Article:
Avenue Q is not your mother’s musical. Sure, the muppets might seem cute, but once they start singing you’ll see that they’re just as messed up as most people. Fairfax High School’s FX Players introduced audiences to Avenue Q, a Sesame Street-esque strip filled with colorful characters and catchy songs.
Avenue Q is the brainchild of Robert Lopez and Jeff Marx. Together they wrote the music and lyrics and teamed up with Jeff Whitty who wrote the book. Avenue Q opened on Broadway in 2003 and ran for over 2,000 performances. The show was nominated for six Tony Awards and won three including Best Musical. It satires the anxieties that come from entering adulthood. Avenue Q is best known for incorporation of both rod and live-hand puppets operated by the actor and unconcealed puppeteers.
The technical elements of Fairfax’s production were superb. The bright, multilevel set, expertly designed by Thomas Iodice, provided a fun environment for the actors to work with and for the audience to enjoy. The lighting by Jonathan Pepin complimented the scene and featured a number of vibrant colors. Stage Managers, Trevion Walker and Kira Kerr, ensured that scene changes were performed smoothly and in a manner of seconds. The sound, by Sara Young, was near flawless. Not once did the energy of the band, lead by Andy Schuller, overpower the actors. Lastly, the costume design by Emma Dabolt was impeccable. Every puppeteer was outfitted in an all black ensemble that fit their puppet’s character.
Working with puppets brings a new element into the mix. The FX Players took to the challenge and nailed it. Especially commendable is the work of Ian Kirkland who played Rod. Kirkland and his puppet moved as one. When Rod turned his head, so did Kirkland. Their synchronicity, on top of Kirkland’s comedic ability, made his performance a highlight of the night.
The musical starts with Princeton, played by Kyle Huott, arriving at Avenue Q. He’s just graduated and is uncertain of his purpose in life (What Do You Do With a B.A. in English?). He rents an apartment from former child star, Gary Coleman, and is introduced to the rest of the tenants including the perpetually single Kate Monster (Josie Morgan), a kindergarten assistant who dreams of opening a school for monsters. Huott’s earnest portrayal of Princeton was strikingly realistic. His tender vocals were well-suited for numbers like “Purpose.” Opposite him, Josie Morgan’s lovable performance as Kate was one of the show. Morgan’s sweet disposition made Kate a character the audience couldn’t help but root for. They rooted for her even more when she stood up for herself and told off her boss, Mrs. Butz, played by Sierra Hoffman in a hilarious cameo. Morgan showed off her gorgeous voice in the heart wrenching Act I finale, “There’s a Fine, Fine Line.”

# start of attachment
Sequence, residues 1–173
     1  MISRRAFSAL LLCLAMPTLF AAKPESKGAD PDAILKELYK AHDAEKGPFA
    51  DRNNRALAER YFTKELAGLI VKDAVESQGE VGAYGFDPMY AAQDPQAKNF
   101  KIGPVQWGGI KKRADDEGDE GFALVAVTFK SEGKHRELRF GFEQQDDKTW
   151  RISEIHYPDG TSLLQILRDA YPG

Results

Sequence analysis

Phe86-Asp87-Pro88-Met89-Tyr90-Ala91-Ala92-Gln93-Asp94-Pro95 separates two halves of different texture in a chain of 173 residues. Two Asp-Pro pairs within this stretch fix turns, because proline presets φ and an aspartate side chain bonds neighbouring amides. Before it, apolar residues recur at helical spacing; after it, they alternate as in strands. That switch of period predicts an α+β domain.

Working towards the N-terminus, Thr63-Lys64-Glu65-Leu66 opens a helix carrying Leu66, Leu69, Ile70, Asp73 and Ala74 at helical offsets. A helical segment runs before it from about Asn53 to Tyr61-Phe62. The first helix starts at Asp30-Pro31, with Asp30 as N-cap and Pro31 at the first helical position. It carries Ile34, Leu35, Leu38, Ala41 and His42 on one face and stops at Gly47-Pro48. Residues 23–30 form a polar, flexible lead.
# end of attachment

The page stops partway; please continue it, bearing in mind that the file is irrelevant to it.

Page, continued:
In an ode to Bert and Ernie, Rod and Nicky are two roommates with starkly contrasting personalities. Rod, played by Ian Kirkland, is a closeted, Republican banker who is secretly in love with his slacker roommate, Nicky. Kirkland perfectly embodies Rod’s neurotic nature in the emotional, “Fantasies Come True.” Zion Jang does a spot-on Ernie impression in his performance as Nicky. He and Gary’s hysterical number, “Schadenfreude,” had the audiences in stitches. Freshman Densmore Bartly was a riot as Gary Coleman. Bartly’s stunning vocals stood out in company numbers.
This show would not be complete without the fantastic characters. Julie Kovach was a hoot as the temptress, Lucy. Her sultry rendition of “Special” brought down the house.
In a scene stealing performance, Diana Park played Christmas Eve, a tell-it-how-it-is, Japanese therapist. Her number, “The More You Ruv Someone,” opposite Kate Monster, was outstanding.
Eddie Zakreski did an exaggerated monster voice perfectly suited for the socially awkward, Trekkie Monster. His duet with Kate, “My Social Life is Online,” was especially amusing.
The cast of Fairfax’s Avenue Q fed off one another’s energy and came together. The company did their best work in ensemble numbers like “It Sucks to Be Me,” “Everyone’s a Little Bit Racist,” and “I Wish I Could Go Back to College.” The showstopping finale, “For Now,” was a welcome reminder that all of the hardships in life are only temporary.
If you’re looking for a laugh-out-loud, heartwarming musical, take a trip to Avenue Q at Fairfax High School. You’ll be glad you did.
Recommended for audiences age 13 and older.
Running Time: Two hours, including one 15-minute intermission.
The review is written by Kelsey Loesch.